I did. At a gas station just above Harrisburg. I was 20 or newly 21. I was on my way from Carlisle, PA, visiting my folks, to New Haven, CT, where I lived.
I stopped at one of those rundown places with a massive parking lot in the distance where rows of semi trailers parked, and if you looked hard, you could see the shimmer of silver sequined halter tops sliding from one tractor bed to the next.
There was a defunct diner in an adjacent parking lot. I did not feel safe.
The store itself, where I stopped probably for cigarettes or to pee, was highlighted in a circle of yellow light–like something out of an indie horror movie, or if the moon was a big, yellow spotlight.
It was on the cracked sidewalk outside where Dan the hitchhiker (that’s his real name) stopped me. Dan was a short, skinny man with short, black hair and 36-hour shadow. To my inexperienced eye, he could’ve been anywhere from 30 to 50 years old. He said, “Can I get a ride?”
“Um, where?” I said. “I’m headed north.” So I was stupid, but not THAT stupid. I was also wide open to the world, having recently discovered that it was mine for the taking. I was interested in new people, new ideas, in the beyond-reasonable benefit of a doubt. I wanted to have faith in my fellow humans. I still do.
“I’m trying to get to Boston.” He said. He must’ve seen the doubt in my eyes, because he said, “I’m a healer, not a killer.” He shoved this plastic handled bag at me, wide open, said, “Look.”
I looked, mostly for the darkness of a gun. My naivete told me that I could only get hurt by the man if he had a gun. The stuff inside his bag was normal. A bar of soap, a hand towel, a little bottle of shampoo, a notepad. He wore an unwashed, woven poncho, like the kind tourists bring back from New Mexico. It was a gray that I assumed had been white and black striped.
“I don’t think so.” I said.
“Please?” he said.
I was a small woman when I was 20. Toned and slender from youth and waiting tables, and I had a very short hair cut. I did not have the self confidence or widsom to say “No!” and run. So I said, “Sure. Why not?”
Dan never smiled. The whole time he was in my car. He had at best a neutral expression, but more often a frown.
Whenever I reflect on this endeavor, which fills me with embarrassment and gratefulness that I escaped the situation utterly unharmed, it seems to me that I would now find Dan to be a completely harmless, but pompous, doofus. I would not invite him into my car or my home.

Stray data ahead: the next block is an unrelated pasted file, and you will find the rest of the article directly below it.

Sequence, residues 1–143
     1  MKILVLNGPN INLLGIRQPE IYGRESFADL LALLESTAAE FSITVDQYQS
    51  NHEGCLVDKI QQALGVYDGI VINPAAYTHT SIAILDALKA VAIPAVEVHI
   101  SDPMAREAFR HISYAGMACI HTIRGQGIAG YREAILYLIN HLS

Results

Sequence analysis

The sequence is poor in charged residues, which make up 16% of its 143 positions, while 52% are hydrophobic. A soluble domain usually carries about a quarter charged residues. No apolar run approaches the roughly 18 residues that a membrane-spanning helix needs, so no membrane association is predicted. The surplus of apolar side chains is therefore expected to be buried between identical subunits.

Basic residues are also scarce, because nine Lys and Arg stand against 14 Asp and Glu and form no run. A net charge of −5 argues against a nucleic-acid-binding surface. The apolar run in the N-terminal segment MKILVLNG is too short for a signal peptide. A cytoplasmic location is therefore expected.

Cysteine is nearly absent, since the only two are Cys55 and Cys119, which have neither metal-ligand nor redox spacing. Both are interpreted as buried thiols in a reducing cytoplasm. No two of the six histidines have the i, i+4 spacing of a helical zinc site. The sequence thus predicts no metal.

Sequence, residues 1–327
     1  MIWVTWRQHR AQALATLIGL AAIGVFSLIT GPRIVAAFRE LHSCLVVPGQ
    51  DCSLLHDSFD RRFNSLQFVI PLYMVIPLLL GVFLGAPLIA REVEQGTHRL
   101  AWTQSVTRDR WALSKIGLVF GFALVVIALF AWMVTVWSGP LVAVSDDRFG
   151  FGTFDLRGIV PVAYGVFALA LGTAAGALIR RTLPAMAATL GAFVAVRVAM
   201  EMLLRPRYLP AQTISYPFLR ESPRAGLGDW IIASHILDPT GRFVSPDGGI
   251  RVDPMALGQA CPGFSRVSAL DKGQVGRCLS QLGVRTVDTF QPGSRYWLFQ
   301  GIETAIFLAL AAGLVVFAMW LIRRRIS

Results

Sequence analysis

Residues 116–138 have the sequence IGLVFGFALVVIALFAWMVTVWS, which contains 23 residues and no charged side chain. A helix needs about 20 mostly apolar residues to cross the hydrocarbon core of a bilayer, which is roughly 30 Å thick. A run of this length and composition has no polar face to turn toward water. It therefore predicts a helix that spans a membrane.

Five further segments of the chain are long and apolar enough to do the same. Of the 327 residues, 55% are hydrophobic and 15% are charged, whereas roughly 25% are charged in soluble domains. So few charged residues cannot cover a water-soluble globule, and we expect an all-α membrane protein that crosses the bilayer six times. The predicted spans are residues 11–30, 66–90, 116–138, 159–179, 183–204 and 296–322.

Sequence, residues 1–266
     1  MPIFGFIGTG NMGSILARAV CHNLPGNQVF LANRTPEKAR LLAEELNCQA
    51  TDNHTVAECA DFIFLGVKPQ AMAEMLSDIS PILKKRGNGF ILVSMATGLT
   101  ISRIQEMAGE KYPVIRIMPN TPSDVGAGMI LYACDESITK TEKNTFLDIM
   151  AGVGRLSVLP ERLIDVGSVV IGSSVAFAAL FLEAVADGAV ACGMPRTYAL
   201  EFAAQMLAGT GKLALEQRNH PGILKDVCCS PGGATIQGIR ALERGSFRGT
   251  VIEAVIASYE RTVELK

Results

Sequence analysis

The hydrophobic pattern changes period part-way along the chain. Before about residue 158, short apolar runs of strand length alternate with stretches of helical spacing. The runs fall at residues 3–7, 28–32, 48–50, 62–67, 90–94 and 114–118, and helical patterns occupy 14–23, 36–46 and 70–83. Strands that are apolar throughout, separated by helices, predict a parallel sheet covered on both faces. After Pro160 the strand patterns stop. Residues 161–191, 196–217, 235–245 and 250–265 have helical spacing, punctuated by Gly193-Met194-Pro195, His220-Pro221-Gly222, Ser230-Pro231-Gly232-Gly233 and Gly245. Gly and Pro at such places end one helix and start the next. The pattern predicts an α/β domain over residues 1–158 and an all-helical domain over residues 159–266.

Dan stank. I kept my window open. I remember wishing I could open his, but I drove a 1996 Saturn with manual windows, and I didn’t want to lean across him. Apparently it’d been a while since he used his hand towel and soap.
He slept intermittently. He told me vaguely about having split with his wife, and having been on the road for 7 or 8 months.
“What do you think of the death penalty?” He asked me.
“I hate it.” I said.
“Who are we to kill people for killing people? It doesn’t make sense.”
“Your ideas on this mean you are evolved.”
I remember that I worked through my reasoning as we continued the conversation. I did that a lot back then. I had less well-rehearsed logic, I hadn’t made up my mind about much. I was eager to wear another’s shoes, to experience empathy and excuse poor behavior.
I stopped in Bridgeport because Dan asked me to find a phone. We found one. I was annoyed because I was eager to get home. My intention was to drop Dan at one of the giant, well-lit, rest stops along route 95 just above Bridgeport.
He’d become more aggressive and demanding in the way disadvantaged strangers do upon being shown a kindness.
“Won’t you please just take me to your place? I’d love a shower.”
“No. I can’t. I have a roommate, and I don’t have his permission.” The truth was that I knew that S, who was–in many ways–more mature and responsible than I was, would’ve been livid if I took Dan to our little apartment and offered him a shower. It was before widespread cell phone use, so I couldn’t call to ask.
When Dan got out of my car to make his phone call, he left his door hanging wide open, which struck me as reasonable and clever, given his strange state of living. It occurred to me to drive off anyway, but his more aggressive behavior made me concerned that he was volatile, and we were nearly to the well-lit rest stop.
Between Bridgeport and the rest stop, Dan babbled on about his shower. I’d stopped talking, and was feeling extremely nervous.
Before exiting my car, Dan made one last plug for continuing to my residence for a shower, and, he said, “who knows.”
When I was steadfast in my refusal, he insisted on an address and phone number–I gave him fakes–for the purpose of he said, “repaying kindnesses. I will drop you a note in the future.” There were tons of other addresses and phone numbers there, most of them were–I imagine–false.
Even at the time, I was acutely aware of my luck, which was about 330% better than my management.
And now, friends, you have a secret I kept from most everyone until about 6 years later when I was a mom and I admitted doing this to my mom who said, “Oh, April!” In the way she does when my behavior confounds and distresses her.
I’m practicing facing hard feelings from the past, admitting stupidity/wrongdoing. This is one of the hardest-to-reckon, most embarrassing events of my life thus far. I still can’t fathom what I was thinking, doubly so as a parent, and probably won’t let Child go anywhere by herself until she’s 30.